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Lawn maintenance time again and I still haven’t permanently deployed my radials. Took the 40m 1/4 wave down today and picked up the radials.This is a tedious process but not too time consuming. I had the most difficulty in getting the travel mast to retract as it sticks sometimes. Went ahead and setup and re-tuned the EFHW for 20m as it doesn’t need radials to get hung up in the lawn mower. I am running WSPR as NO5V/1 now to compare against earlier data. I made several USB contacts this afternoon with it. Band conditions were terrible as geomagnetic storms are still raging. The QSB was awful but I did manage to secure a solid 59 into Vancouver.
April 22, 2017
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I have decided to use the EFHW antenna as my primary portable antenna. My previous reports on this antenna have centered around testing on 20m which performed quite well. I want to set this up now for multi-band operation using connection links to add or remove wire as needed to tune it on a specific band. The capacitor I used tested between 9.5pF and 310pF which would let me operate between 40m and 10m. I was disappointed to find the matchbox would barely tune up 10m and would not come even close to 40m. I originally suspected stray capacitance and yes some did exist but what I found today solved the mystery. Turns out that I had connected to the wrong lug of the capacitor which limited the upper capacitance to around 100pF. I changed the connection point and am now able to tune down to 40m but have lost 12m and 10m as there is added capacitance on the low end as well. So my plan now is to run this match box on 40m, 20m, 17m and 15m which should be a pretty good range for this point in the solar cycle. The 40m half wave will be ~ 66 feet long so I’ll likely figure a way to configure that as either an inverted L or as an inverted V. All other configurations will be as verticals. Next step is to cut a wire length for 15m then add wire to get to each of the successive bands. Band changes will require taking it up and down but it will be resonant. The backup antenna will be the end fed 9:1 matchbox and a tuner. Both will fit nicely into the soon to be reconfigured go-box.
March 6, 2017
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I have been running experiments on various antennas this week on 20m WSPR. NO5V is my current base antenna, the Ultimax DXtreme 53 footer up about 20 feet and horizontal. NO5V/1 is the EFHW tuned for 20m and NO5V/2 is the same wire as the EFHW but run as a non-resonant end fed with a 9:1 matchbox and about 30 feet of coax as counterpoise. I am also able to compare this data with that from N5CEY who is running a 1/4 wave vertical at his QTH about 20 miles from here. I will be looking at formally crunching the data but what is apparent is that the current base antenna is not as sensitive on receive as the vertical antennas. This is based on the WSPR Challenge results and A vs. B listening tests. The verticals are nearly equal in receive capability with the EFHW marginally the best. Both of my verticals compare well with N5CEY’s 1/4 wave vertical but he still seems to have a slightly more sensitive system as he gets better signal reports on WSPR from more DX stations.I plan to setup my own 1/4 wave vertical this week to evaluate before I turn my attention to the S9V31.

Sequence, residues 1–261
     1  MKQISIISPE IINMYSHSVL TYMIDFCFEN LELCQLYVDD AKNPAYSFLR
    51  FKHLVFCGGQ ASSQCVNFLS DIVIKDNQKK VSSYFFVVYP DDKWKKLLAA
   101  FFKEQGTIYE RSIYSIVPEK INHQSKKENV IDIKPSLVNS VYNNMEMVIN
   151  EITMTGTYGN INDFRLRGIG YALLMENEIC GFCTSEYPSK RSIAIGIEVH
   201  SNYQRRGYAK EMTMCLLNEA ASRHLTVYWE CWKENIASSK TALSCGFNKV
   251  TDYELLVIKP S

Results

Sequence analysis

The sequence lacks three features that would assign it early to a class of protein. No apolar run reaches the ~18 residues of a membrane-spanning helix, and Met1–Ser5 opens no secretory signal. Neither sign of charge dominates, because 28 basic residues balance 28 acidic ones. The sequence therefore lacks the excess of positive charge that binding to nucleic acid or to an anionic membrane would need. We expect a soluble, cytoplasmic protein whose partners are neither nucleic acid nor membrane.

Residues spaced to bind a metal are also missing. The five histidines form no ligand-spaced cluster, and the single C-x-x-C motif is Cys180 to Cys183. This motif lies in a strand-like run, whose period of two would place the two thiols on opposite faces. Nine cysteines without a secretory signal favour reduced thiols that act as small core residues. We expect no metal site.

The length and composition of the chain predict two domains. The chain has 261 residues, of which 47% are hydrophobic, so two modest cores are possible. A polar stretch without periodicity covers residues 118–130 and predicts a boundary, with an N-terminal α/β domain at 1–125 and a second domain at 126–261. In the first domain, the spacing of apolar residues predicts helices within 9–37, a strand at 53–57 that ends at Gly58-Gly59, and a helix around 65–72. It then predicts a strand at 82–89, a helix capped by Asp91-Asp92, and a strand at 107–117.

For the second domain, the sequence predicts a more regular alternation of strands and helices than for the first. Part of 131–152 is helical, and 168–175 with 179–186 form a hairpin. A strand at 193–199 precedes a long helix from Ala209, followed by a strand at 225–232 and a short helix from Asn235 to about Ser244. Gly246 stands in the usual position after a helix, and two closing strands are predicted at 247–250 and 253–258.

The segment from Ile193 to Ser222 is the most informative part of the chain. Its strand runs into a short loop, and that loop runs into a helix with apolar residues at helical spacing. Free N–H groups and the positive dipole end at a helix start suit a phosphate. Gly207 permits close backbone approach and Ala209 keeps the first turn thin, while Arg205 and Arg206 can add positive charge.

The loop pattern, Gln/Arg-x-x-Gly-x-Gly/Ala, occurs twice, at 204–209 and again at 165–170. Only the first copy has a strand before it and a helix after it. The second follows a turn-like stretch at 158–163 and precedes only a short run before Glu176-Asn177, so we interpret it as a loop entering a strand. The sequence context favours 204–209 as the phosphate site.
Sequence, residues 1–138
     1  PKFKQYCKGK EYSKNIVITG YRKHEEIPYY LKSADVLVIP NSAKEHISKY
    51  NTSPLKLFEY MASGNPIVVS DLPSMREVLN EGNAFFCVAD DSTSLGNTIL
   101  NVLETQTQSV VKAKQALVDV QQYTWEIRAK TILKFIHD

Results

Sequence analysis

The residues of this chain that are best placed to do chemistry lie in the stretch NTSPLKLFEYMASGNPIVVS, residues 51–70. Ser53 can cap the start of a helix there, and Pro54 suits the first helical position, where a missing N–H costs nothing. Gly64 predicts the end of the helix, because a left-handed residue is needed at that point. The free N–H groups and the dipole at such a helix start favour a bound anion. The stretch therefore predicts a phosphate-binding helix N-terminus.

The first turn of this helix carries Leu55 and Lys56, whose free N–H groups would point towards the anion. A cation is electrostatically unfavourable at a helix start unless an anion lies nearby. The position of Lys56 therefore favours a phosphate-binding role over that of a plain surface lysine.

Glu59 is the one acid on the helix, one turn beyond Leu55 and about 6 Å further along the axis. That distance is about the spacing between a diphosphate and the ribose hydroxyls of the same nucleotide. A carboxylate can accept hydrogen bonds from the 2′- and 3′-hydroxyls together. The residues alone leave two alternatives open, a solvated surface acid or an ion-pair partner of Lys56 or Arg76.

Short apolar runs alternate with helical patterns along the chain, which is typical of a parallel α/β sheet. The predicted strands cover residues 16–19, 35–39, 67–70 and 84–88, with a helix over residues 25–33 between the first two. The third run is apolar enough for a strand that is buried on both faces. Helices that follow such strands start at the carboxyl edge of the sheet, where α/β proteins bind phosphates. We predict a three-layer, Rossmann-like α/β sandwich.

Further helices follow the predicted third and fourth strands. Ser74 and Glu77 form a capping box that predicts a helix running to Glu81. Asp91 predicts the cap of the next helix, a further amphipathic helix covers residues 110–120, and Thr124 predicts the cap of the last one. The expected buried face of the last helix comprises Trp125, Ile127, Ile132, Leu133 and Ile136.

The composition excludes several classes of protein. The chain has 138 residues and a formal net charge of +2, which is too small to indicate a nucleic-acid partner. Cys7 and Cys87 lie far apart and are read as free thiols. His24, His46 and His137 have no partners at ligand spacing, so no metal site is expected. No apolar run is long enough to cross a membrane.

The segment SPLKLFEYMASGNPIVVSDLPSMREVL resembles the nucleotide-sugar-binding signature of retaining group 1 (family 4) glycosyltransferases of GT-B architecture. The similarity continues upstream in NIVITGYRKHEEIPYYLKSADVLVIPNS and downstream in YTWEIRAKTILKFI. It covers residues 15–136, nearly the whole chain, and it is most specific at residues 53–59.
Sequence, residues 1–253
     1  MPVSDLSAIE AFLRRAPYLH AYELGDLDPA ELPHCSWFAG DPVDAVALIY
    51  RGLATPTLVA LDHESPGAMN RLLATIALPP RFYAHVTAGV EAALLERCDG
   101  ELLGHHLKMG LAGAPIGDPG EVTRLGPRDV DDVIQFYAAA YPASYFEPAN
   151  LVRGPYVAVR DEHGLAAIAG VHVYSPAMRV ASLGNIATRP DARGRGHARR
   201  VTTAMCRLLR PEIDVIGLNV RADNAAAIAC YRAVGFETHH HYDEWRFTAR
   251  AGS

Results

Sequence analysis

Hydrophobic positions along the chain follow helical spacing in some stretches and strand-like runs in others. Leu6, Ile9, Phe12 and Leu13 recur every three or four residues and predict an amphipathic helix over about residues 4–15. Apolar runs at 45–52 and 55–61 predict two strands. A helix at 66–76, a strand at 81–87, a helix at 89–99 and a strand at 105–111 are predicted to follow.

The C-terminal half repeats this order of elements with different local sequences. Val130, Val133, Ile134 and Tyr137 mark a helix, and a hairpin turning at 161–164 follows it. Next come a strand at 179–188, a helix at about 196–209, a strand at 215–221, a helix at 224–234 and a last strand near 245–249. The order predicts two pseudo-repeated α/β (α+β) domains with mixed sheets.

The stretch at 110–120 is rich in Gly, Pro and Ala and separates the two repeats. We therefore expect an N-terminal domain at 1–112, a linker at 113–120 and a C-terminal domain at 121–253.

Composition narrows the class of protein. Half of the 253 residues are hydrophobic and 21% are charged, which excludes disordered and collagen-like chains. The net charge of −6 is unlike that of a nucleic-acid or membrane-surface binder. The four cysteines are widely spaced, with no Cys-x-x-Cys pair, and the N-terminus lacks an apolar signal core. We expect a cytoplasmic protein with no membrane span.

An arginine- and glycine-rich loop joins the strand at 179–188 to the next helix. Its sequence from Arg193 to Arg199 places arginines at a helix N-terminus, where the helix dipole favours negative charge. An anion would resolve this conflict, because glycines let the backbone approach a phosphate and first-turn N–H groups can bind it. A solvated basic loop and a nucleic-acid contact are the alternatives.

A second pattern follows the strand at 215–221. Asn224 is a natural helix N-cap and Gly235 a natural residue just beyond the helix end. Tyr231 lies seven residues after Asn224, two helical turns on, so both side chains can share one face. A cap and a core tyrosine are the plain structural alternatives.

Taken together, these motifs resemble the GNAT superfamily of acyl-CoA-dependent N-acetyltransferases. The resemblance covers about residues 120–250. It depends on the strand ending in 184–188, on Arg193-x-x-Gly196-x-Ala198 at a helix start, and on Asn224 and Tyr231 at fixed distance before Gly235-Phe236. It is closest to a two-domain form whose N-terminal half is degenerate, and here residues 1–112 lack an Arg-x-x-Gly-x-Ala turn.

I did a quick test on 40m in the NO5V/2 configuration and was getting good 40m results as well.
March 1, 2017
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I got the travel mast back up and this time added some electrical tape to help keep it from collapsing. It has been fairly breezy here this week with gusts up to 15 to 20 mph which plays hob with keeping the mast deployed. I am running the 20m EFHW with on WSPR as NO5V/1 with 500mW. I have run this configuration for two full days and made the WSPR challenge list on both days. I am comparing this data with N5CEY which is a nearby station running WSPR recieve only with a 1/4 wave vertical. Here are the results:
2/27/17 – #46 with 116 unique stations recieved vs. N5CEY at #42 with 121 unique stations
2/28/17 – #46 with 122 unique stations recieved vs. N5CEY at #40 with 130 unique stations
I should note that the mast partially collapsed about 4-6 hours before 00:00 UTC on the last day and I lost about 6 feet of mast height. There did not seem to be much of a difference in performance with WSPR. When mapped N5CEY is clearing getting more DX spots. This is interesting because a 1/2 antenna should do better at lower angles than a 1/4 antenna. I suspect that I have some losses with the EFHW matchbox in terms of lossy wiring which I am going to address today and then retry
February 25, 2017
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Back in December, I setup the 20m EFHW antenna up as a 20m vertical and was able to make enough unique receive contacts to make the WSPR Challenge board.I have not since reproduced this performance. Today I started from scratch in a way. I first checked the matchbox I had built previously and confirmed the capacitor setting for 20m. This was dead on as before with a 3.9k Ohm resistor. Next up I replaced the 20 gauge wire with 16 gauge. This required about 30.5 feet to start out with . I setup the travel mast and the wire and then pruned it to resonance on the 20m capacitor position. I wired it up and immediately started seeing good performance on SSB compared to the end fed wire horizontal. There was a marked improvement in received signal strength. Running about an hour on WSPR showed 50 unique receive spots. Running JT65 is showing my signal making good rounds to Europe, South America and Japan.
I am going to play with this setup awhile and then turn it over to WSPR overnight and see how it does.
UPDATE: Should note that I made an SSB contact in South Carolina today and received a S9+10dB for the first time using this antenna. Right around dusk the travel mast collapsed and it was to dark to fix…sigh